With a little extra time: Why not take a little time to visit our shut-ins or write them a note?  Look for an opportunity to help someone do what they cannot do for themselves.  Take some extra time to study a little more of God’s Word.  Find opportunities to do things WITH your brethren that will help to edify them (in the Biblical sense) and you.   The list can go on and on.  Be “zealous for good works.” 

Friends, my purpose in saying these things is not to “guilt us” into action.  It is simply to remind us that as Christians, we have to be busy and industrious with our lives.  Colossians 3:23 says, “Whatever you do, do it heartily, as to the Lord and not to men.”  When we stand before God we are going to give an accounting for the things we have done and not done.  In Matthew 25:31-46, as Jesus described the judgment He associated with the good works we have opportunity to do.  Those who availed themselves of that opportunity were praised and rewarded.  But those who did nothing stood condemned and faced “everlasting destruction” (Matt. 25:46).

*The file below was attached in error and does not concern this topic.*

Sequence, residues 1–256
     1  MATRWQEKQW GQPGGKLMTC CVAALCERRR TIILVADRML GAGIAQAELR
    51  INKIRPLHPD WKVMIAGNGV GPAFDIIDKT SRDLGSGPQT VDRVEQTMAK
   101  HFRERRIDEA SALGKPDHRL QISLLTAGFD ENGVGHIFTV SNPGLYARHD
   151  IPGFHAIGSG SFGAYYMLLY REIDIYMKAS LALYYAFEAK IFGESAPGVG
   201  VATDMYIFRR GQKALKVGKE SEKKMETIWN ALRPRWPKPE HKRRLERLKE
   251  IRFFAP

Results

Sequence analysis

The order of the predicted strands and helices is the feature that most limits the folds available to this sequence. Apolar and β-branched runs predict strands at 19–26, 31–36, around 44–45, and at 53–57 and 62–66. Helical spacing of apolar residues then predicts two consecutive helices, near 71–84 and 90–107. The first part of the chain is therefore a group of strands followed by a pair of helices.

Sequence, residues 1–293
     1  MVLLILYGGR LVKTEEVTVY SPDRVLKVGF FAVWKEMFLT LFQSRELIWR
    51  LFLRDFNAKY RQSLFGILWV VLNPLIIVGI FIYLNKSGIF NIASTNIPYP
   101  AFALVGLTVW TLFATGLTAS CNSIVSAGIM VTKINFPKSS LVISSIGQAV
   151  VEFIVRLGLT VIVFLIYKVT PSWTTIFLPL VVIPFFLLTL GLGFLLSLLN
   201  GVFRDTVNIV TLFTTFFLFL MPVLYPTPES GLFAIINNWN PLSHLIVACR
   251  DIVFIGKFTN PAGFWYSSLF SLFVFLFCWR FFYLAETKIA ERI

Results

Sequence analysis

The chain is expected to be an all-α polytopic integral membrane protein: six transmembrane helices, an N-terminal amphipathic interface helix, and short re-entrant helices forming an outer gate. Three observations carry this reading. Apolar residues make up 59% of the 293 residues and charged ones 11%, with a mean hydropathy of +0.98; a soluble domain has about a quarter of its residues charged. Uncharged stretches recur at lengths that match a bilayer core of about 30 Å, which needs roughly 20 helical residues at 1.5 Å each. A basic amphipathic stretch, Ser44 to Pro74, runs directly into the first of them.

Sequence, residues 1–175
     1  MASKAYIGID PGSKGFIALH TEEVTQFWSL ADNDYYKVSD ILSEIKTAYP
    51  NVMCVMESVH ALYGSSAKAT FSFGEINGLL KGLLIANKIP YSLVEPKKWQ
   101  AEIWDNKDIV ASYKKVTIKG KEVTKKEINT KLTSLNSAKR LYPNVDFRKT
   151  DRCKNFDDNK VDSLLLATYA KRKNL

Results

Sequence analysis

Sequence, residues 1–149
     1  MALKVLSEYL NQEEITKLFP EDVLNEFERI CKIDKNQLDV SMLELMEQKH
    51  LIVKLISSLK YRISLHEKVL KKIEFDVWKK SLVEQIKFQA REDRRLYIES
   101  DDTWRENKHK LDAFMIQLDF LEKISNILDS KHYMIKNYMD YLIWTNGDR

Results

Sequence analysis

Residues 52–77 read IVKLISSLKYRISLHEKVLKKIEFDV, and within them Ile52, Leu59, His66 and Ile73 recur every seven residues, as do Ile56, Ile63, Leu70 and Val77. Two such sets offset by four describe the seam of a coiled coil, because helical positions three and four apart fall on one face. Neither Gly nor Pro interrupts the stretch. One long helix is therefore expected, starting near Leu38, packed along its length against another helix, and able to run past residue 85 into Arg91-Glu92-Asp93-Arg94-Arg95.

So with “the lazy days of summer” approaching, let us give thought to these things and make sure that when the summer is over, we are a little closer to God and that we have done something to further the cause of His kingdom.  Think about it.  And we desire that each one of you show the same diligence to the full assurance of hope until the end, that you do not become sluggish, but imitate those who through faith and patience inherit the promises.” (Hebrews 6:11)